For their differences such as being ostracized the

This preview shows page 24 - 26 out of 30 pages.

for their differences, such as being ostracized. The social pressure to conform to thesetypicalgender behaviors can significantly impact a person's gender socialization. Explore this ideafurther in "Healthy Sexuality: Are the Genders More Different or More Similar?"SchoolOne function of school is to teach societal standards and institutional expecta-tions, and gender roles are very powerful parts of such expected learning. Most studies showthat, on average, girls do better in school than boys. Girls get higher grades and completehigh school at a higher rate compared to boys (Jacob, 2002). Standardized achievementtests also show that females are better at spelling and perform better on tests of literacy,writing, and general knowledge (National Center for Education Statistics, 2003). Girlscontinue to exhibit higher verbal abilitythroughout high school, but they do not achieveas much as boys after fourth grade on tests of both mathematical and science ability.In late elementary school, females tend to outperform males on several verbal skillstasks including verbal reasoning, fluency, comprehension, and understanding logical rela-tions (Hedges & Nowell, 1995). Males, on the other hand, outperform females on avarietyof spatial skills tasks (Voyer, Voyer, & Bryden, 1995). Males also perform bet-ter on mathematical achievement tests than females. However, gender differences do notapply to all aspects of mathematical skill. Males and females do equally well in basic mathknowledge, and girls have better computational skills. Interestingly, males display greaterconfidence in their math skills, and this type of confidence is a strong predictor of mathperformance (Casey, Nuttall, & Pezaris, 2001).For years, researchers have wondered if these gender differences in abilityin school sub-jects were more a product of biological differences or of social impact. Parents, as a socializ-ing agent, may tip the scale in this nature versus nurture balance. Some parents tend to viewmath as more important for sons and language arts and social studies as more important for
We have textbook solutions for you!
/Developing-Helping-Skills-A-Step-by-Step-Approach-to-Competency-3rd-Edition-9781305943261-1229/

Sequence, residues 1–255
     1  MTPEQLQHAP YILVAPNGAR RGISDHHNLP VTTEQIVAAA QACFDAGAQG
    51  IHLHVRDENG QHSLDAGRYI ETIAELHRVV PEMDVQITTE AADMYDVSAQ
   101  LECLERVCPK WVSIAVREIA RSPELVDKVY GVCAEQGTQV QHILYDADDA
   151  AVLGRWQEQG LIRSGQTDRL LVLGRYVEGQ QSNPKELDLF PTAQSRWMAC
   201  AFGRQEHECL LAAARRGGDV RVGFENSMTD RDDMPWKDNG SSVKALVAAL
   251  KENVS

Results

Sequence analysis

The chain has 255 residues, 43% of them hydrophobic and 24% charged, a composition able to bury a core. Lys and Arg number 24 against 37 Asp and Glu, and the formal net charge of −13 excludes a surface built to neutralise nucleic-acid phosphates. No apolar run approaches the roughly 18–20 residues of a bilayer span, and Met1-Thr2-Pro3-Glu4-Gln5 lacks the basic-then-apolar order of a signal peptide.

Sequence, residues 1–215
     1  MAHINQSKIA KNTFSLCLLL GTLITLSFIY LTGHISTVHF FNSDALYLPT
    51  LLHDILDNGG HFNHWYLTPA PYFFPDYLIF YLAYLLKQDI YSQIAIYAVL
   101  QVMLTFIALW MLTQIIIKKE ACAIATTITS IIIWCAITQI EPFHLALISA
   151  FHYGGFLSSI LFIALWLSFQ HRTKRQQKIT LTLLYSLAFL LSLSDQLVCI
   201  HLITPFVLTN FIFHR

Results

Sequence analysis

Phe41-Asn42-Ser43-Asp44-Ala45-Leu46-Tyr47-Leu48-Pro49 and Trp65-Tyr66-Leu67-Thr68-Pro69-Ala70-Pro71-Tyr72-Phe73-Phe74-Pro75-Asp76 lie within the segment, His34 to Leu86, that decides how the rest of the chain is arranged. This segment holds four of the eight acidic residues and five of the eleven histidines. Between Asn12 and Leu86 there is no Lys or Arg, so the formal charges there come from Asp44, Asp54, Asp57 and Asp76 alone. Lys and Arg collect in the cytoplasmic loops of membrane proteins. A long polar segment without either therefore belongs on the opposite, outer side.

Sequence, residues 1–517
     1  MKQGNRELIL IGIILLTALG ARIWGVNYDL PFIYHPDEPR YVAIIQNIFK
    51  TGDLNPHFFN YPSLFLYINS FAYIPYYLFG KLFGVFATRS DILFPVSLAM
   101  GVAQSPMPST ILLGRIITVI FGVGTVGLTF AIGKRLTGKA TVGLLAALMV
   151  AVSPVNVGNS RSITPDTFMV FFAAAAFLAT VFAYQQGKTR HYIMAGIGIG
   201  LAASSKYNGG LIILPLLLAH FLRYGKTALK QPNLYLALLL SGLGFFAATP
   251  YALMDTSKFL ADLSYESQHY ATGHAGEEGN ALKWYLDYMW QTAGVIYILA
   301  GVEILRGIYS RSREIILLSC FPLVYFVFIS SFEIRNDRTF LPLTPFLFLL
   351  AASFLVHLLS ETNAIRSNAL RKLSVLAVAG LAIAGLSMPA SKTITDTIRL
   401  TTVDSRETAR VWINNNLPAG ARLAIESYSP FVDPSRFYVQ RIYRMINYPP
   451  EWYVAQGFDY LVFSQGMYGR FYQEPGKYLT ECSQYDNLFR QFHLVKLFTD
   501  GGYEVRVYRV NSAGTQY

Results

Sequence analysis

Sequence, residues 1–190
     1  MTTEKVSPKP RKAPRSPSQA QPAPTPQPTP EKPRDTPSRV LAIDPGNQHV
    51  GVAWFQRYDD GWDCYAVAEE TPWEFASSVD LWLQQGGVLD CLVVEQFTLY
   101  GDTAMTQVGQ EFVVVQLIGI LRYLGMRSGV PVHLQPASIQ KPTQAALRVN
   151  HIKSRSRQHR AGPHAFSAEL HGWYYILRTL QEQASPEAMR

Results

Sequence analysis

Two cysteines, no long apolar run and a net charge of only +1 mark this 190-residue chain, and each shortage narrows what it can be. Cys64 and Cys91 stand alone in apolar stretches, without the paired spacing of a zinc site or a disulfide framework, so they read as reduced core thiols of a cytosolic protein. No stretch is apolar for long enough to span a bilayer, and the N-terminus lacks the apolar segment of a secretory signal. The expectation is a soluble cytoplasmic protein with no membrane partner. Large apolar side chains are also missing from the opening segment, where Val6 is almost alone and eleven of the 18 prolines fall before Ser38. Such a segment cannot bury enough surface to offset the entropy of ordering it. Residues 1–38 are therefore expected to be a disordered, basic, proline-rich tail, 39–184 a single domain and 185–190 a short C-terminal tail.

The document you are viewing contains questions related to this textbook.
Chapter 1 / Exercise 05
Developing Helping Skills: A Step-by-Step Approach to Competency
Chang/Decker/Scott
Expert Verified
Gender and Identity: Process, Roles, and Culturedaughters (Andre, Whigham, Hendrickson, & Chambers, 1999). In fact, parents are likelyto encourage their sons more than their daughters to take advanced high school courses inchemistry, mathematics, and physics (Wigfield, Battle, Keller, & Eccles, 2002).Teacher characteristics and the classroom environment may also contribute to gen-der differences in school. For example, many girls report being passed over in classroomdiscussions, not encouraged by the teacher, and made to feel stupid (Sadker & Sadker,1994). In addition, teachers tend to call on and be more encouraging of boys than girls;they tend to reprimand girls for inappropriate behavior more often than they do boys, andboys tend to receive more praise, attention, and remedial help.

Upload your study docs or become a

Course Hero member to access this document

Upload your study docs or become a

Course Hero member to access this document

End of preview. Want to read all 30 pages?

Upload your study docs or become a

Course Hero member to access this document

Term
Spring
Professor
AnnetteM.Schonder
Tags
Gender Terminology
We have textbook solutions for you!
The document you are viewing contains questions related to this textbook.
Developing Helping Skills: A Step-by-Step Approach to Competency
The document you are viewing contains questions related to this textbook.
Chapter 1 / Exercise 05
Developing Helping Skills: A Step-by-Step Approach to Competency
Chang/Decker/Scott
Expert Verified

  • Left Quote Icon

    Student Picture

  • Left Quote Icon

    Student Picture

  • Left Quote Icon

    Student Picture